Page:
“What do you mean by ‘influensa’?” I asked meekly, wondering if this word could possibly mean something different in Norway.

“A normal seasonal flu.”

His words deflated me. I was in utter disbelief. A normal seasonal flu?!

Sensing my despair, he assured me that he would give me something to help me feel better. A few keyboard clicks later he pulled a piece of paper from the printer and handed it to me.

I looked down in childlike expectation of a treat. On the paper was the name of an over-the-counter cough medicine. My party favor for having waited two hours to see him.

On my way out a grandmotherly nurse patted my arm and offered what I can only assume she meant as professional medical advice: “You are so sick because you are not Norwegian.”

Yes, I thought, I will just have to try harder.

10 Comments leave one →
  1. kutubuku permalink
    13 March 2012 13:22

    Because you weren’t left out sleeping in the cold when you were still a baby, unlike Norwegian kids 😀

  2. 13 March 2012 13:30

    Or maybe because you didn’t get a flu shot, because NORWEGIANS DON’T BELIEVE IN THEM!!!
    A-hem. . . excuse me. . . that’s just my little soap box.

  3. 13 March 2012 14:26

    I feel bad about laughing at your misery. After a couple of semesters of microbiology a few years back, I am convinced that every child should eat a handful of dirt every month to build a strong immune system. I am sure, however, that Norwegian dirt is different from American dirt. Schools here are germ factories that spreads their “joy” through the entire community.

    • 14 March 2012 06:33

      Laugh away, Jon. Laugh away. 🙂 I’m sure Norwegian dirt is very rich in mold, which could certainly cure illnesses (like penicillin, you know.)

  4. 13 March 2012 20:31

    And also because you weren’t taking your fish oil.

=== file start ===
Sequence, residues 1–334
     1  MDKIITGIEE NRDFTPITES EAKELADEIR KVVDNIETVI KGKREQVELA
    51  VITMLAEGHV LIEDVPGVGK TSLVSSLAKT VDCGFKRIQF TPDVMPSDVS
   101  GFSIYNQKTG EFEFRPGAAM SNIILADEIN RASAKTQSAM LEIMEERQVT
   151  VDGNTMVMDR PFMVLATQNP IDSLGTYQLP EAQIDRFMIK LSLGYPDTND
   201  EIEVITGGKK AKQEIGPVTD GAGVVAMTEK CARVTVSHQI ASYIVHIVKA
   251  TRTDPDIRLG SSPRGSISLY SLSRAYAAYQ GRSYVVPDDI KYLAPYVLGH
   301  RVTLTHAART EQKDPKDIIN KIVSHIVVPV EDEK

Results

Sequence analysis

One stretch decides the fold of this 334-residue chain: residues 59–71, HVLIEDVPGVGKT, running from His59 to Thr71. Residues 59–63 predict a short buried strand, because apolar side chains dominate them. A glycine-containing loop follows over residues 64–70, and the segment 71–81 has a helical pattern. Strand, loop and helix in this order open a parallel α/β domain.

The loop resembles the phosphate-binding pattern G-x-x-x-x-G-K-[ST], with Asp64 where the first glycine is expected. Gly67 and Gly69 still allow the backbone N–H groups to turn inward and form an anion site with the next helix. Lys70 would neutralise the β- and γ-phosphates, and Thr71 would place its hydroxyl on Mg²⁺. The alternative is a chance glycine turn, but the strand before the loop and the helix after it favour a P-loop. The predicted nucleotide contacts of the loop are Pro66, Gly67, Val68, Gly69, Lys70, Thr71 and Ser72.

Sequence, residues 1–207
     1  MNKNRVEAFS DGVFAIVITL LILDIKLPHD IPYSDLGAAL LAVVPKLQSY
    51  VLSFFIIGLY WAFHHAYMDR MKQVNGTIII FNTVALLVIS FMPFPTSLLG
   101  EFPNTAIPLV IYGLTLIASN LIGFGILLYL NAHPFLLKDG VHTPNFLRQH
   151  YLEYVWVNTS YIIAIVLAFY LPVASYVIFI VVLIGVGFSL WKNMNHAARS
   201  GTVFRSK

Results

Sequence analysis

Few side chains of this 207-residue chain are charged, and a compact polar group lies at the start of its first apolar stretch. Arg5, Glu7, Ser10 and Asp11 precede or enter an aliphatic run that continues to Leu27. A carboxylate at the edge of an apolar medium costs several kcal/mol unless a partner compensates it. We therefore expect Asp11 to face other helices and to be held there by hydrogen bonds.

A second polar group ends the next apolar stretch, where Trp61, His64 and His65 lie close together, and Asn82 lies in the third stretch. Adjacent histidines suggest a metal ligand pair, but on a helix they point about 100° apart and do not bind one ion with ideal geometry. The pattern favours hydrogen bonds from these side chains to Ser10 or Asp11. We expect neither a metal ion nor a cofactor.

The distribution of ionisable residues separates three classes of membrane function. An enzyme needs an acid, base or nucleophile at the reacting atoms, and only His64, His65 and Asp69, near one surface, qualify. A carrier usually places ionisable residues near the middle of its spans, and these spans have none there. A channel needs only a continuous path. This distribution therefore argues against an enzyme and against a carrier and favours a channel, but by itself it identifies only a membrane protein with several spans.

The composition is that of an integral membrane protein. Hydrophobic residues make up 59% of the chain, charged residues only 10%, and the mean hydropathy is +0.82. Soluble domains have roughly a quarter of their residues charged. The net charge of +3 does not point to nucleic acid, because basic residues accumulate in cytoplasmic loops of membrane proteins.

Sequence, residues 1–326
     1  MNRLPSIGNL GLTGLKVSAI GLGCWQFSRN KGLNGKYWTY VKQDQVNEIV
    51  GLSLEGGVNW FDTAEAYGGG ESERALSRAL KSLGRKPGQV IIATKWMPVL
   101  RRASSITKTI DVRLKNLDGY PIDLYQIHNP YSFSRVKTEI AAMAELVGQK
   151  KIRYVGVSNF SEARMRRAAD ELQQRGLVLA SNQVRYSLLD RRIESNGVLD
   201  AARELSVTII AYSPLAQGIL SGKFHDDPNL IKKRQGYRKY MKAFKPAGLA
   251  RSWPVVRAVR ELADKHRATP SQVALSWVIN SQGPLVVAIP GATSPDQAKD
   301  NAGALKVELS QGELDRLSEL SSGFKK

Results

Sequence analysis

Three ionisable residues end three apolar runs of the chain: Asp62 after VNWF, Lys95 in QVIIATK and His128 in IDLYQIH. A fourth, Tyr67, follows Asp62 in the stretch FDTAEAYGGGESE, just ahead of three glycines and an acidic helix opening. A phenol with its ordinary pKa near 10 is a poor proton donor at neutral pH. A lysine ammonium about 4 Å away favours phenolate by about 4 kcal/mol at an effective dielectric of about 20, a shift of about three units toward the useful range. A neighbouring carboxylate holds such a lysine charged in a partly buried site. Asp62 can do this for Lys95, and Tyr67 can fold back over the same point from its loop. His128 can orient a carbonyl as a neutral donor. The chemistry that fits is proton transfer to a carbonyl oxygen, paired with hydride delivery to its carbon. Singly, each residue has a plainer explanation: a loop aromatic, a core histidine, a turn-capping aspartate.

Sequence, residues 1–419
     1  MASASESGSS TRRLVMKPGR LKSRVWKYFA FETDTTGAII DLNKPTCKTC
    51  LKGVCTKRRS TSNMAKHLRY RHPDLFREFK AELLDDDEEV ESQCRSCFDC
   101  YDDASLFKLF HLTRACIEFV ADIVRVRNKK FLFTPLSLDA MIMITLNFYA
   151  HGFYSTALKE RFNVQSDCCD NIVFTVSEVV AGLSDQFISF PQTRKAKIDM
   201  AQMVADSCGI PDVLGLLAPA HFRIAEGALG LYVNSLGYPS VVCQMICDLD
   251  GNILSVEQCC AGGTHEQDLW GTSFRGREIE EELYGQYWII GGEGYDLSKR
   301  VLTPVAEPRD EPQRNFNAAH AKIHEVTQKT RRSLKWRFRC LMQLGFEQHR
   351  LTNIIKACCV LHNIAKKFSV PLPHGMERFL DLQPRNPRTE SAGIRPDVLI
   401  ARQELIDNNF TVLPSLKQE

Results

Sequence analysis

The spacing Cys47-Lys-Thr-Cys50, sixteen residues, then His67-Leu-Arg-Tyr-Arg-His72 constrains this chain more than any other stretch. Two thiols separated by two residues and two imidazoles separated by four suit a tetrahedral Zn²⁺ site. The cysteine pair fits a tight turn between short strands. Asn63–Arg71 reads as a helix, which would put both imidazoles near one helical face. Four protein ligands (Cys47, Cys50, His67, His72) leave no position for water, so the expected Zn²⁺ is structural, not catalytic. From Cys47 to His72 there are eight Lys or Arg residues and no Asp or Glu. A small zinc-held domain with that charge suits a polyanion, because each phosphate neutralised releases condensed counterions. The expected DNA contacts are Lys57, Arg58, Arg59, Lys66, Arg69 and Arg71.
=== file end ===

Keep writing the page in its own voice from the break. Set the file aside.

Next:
• 14 March 2012 06:32

      Do you know what you just made me realize?! We haven’t been sick this whole winter — knock on wood! — and we’ve started taking the chewable gummy fish oil vitamins! Have you seen those? They’re the only ones I can stomach because they don’t make me taste fish all day long. I wonder if they really are magic! 🙂

  5. Mindy permalink
    14 March 2012 16:02

    I love your blog and have been stalking it since we decided to move here.

    Your post is true to life – we have only lived here 2 months and our whole family (6 members) have had everything from colds, stomach flu, pneumonia, sinus infection and influenza. It looks like we are finally all getting better just in time for the allergy season!

    Not sure if it has anything to do with it but I am always amazed at the very low standards of public bathrooms here – dirty, overflowing garbages and no soap. I have traveled to Haiti a few times and BFE USA and I would gladly use anyone of those bathrooms before I would use one here!

    • 16 March 2012 19:55

      Welcome to Norway! And I’m sorry to hear you have been sick. Uff, as they say. But if it’s any consolation, you are in the process of building up an immune system of steel! 🙂